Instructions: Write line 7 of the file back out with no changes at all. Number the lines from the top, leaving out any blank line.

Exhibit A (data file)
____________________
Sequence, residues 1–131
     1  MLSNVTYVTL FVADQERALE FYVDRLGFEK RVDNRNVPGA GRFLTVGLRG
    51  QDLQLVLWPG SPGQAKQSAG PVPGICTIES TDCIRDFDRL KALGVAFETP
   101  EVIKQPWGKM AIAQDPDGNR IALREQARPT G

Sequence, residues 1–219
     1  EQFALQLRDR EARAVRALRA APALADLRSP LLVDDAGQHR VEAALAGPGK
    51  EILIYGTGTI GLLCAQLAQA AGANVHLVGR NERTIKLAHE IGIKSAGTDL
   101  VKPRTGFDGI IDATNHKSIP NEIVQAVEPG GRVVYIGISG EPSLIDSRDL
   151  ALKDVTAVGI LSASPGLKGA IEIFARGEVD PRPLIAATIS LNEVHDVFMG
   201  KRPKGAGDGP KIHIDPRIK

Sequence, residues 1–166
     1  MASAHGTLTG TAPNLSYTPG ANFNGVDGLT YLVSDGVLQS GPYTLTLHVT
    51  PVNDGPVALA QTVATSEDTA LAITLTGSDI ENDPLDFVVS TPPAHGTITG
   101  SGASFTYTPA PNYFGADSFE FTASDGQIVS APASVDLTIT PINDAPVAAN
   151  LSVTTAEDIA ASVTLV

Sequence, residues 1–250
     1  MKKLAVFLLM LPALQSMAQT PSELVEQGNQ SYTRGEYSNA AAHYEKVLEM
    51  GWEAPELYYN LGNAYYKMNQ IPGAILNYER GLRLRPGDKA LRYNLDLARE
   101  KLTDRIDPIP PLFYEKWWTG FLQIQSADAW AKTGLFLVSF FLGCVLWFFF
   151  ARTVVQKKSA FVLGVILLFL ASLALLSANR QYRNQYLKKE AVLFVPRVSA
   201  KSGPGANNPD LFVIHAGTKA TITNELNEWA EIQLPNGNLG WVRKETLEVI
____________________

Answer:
    51  EILIYGTGTI GLLCAQLAQA AGANVHLVGR NERTIKLAHE IGIKSAGTDL